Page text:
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PetrCBR

Little problem with camera rotation about X

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PetrCBR    126
Quote:
Original post by ramy
well, when u rotate the camera, u rotate the world.

u dont have to change the eye and lookat.


In aircraft's 3rd person camera is better way to move and rotate camera, not all scene, models etc.

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ramy    148
by rotating the world that doesnt rotate the models. it simply rotates the world, u draw the aircraft, and u return the world back as it should be by identity. that does rotate entire models. i dont think it does that.

and u can just multiply the aircraft vertices with the rotation, but i think thats slower than modifing the world matrix.

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PetrCBR    126
Quote:
Original post by ramy
by rotating the world that doesnt rotate the models. it simply rotates the world, u draw the aircraft, and u return the world back as it should be by identity. that does rotate entire models. i dont think it does that.

and u can just multiply the aircraft vertices with the rotation, but i think thats slower than modifing the world matrix.


Ohh ... little misunderstanding here. I'm have a aircraft model and 3rd person camera. When i moving with aircraft, need to move with camera too (camera is locked to aircraft entity to follow it). When i set pitch of aircraft between 90 and 270 degrees, all scene is head over. The camera lock must be separate from all other models and must follow only selected entity.

How can i compute angle between two vectors ?

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Guest Anonymous Poster   
Guest Anonymous Poster
Quote:
How can i compute angle between two vectors ?


Use the dot product of the 2 vectors to find the angle in between.

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Drakex    273
Quote:
How can i compute angle between two vectors ?


acos(dot(v1,v2)), in simple algebraic syntax. Or, in D3DX, acos(D3DXVec3Dot(&v1,&v2)).

However, I might suggest that you don't use the dirty, dirty method of LookUpRight camera rotation. It's confusing and counterintuitive. You can rotate your camera just like any other object. Just make the rotation matrix using the camera's angles, and use D3DXMatrixInverse on it before applying it to the device's View matrix.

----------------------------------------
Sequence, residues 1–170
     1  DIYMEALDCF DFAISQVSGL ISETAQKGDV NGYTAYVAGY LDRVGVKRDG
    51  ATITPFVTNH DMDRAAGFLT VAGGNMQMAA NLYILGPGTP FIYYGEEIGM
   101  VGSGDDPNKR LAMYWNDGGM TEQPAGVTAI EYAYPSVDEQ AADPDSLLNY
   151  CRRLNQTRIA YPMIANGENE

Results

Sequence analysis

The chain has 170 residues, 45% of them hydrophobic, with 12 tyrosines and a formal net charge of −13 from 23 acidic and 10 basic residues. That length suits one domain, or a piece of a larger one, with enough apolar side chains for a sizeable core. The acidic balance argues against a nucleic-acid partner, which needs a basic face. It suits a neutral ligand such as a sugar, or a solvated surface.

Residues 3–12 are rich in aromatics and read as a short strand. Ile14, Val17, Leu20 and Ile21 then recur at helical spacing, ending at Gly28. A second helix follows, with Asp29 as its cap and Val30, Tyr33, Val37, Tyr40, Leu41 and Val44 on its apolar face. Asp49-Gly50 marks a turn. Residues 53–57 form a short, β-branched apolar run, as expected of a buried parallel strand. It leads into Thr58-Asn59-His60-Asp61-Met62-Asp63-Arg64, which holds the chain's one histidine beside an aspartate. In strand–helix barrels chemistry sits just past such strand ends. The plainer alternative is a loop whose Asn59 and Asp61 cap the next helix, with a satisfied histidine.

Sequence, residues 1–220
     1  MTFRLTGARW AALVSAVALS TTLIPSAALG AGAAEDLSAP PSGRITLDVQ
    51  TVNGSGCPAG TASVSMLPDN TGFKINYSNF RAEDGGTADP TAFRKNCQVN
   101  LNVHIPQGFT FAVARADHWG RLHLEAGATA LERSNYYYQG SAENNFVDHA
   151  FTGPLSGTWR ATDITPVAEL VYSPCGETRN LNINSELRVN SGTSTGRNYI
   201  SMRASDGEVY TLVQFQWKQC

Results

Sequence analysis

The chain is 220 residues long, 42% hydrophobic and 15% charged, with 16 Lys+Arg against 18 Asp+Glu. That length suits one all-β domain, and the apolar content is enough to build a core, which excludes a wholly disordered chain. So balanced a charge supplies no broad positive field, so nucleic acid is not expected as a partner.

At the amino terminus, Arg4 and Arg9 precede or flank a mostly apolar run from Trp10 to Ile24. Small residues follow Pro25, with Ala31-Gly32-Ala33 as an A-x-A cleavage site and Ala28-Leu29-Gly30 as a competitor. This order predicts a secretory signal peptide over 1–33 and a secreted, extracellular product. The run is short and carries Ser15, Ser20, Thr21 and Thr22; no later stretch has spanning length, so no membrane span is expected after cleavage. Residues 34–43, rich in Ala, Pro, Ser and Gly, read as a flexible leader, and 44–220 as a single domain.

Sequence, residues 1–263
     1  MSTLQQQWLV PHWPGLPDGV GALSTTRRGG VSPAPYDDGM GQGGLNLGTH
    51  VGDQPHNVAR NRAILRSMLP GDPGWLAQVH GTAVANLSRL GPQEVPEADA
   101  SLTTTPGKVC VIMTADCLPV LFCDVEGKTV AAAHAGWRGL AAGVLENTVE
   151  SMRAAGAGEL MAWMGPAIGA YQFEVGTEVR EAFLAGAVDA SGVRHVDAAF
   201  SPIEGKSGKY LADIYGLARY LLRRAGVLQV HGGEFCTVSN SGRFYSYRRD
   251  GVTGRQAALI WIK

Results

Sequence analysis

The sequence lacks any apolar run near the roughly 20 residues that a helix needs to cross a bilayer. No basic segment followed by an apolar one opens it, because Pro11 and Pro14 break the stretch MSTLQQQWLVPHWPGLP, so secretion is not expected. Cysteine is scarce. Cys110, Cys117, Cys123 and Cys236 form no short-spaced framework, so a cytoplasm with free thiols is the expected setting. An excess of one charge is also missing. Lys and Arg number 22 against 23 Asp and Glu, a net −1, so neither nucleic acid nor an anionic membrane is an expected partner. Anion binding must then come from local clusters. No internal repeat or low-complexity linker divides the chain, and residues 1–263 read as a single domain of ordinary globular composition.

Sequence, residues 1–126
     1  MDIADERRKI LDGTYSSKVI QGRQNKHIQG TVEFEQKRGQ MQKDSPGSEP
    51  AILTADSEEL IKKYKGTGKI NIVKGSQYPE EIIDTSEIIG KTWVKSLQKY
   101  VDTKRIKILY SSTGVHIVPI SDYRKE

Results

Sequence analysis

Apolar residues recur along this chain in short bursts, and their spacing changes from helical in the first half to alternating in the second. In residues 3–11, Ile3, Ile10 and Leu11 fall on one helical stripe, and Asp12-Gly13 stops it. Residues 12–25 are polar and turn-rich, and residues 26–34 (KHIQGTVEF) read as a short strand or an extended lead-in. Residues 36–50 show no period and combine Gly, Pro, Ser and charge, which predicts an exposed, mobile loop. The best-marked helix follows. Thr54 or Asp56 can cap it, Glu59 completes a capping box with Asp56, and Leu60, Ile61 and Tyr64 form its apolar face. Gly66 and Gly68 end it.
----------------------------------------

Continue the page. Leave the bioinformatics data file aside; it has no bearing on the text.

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PetrCBR    126
Quote:
Original post by Drakex
Quote:
How can i compute angle between two vectors ?


acos(dot(v1,v2)), in simple algebraic syntax. Or, in D3DX, acos(D3DXVec3Dot(&v1,&v2)).

However, I might suggest that you don't use the dirty, dirty method of LookUpRight camera rotation. It's confusing and counterintuitive. You can rotate your camera just like any other object. Just make the rotation matrix using the camera's angles, and use D3DXMatrixInverse on it before applying it to the device's View matrix.


Thanks to your advice, but how i add look at position into matrix ? How works D3DXMatrixLookAtLH ?

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Drakex    273
Quote:
Thanks to your advice, but how i add look at position into matrix ?


Position your camera where you did before (behind your plane or whatever). Then use the following code to calculate the angles for the camera (these angles work for a YXZ [yaw-pitch-roll] rotation order):

float dx=plane_x-camera_x;
float dy=plane_y-camera_y;
float dz=plane_z-camera_z;
float camera_angle_y=atan2(dx,dz);
float camera_angle_x=-atan2(dy, sqrt((dx*dx)+(dz*dz)) );


camera_angle_x and camera_angle_y will be in radians. Use the D3DXToDegree() macro to convert these to degrees, if you need them in degrees.

Then, make your camera's transformation matrix, invert it, and set it to View:

D3DXMATRIX matPos, matRot, matView;
D3DXMatrixTranslation(&matPos,camera_x,camera_y,camera_z);
D3DXMatrixRotationYawPitchRoll(&matRot,camera_angle_y,camera_angle_x,0);
D3DXMatrixMultiply(&matView,&matRot,&matPos);
D3DXMatrixInverse(&matView,NULL,&matView);
D3DDevice->SetTransform(D3DTS_VIEW,&matView);

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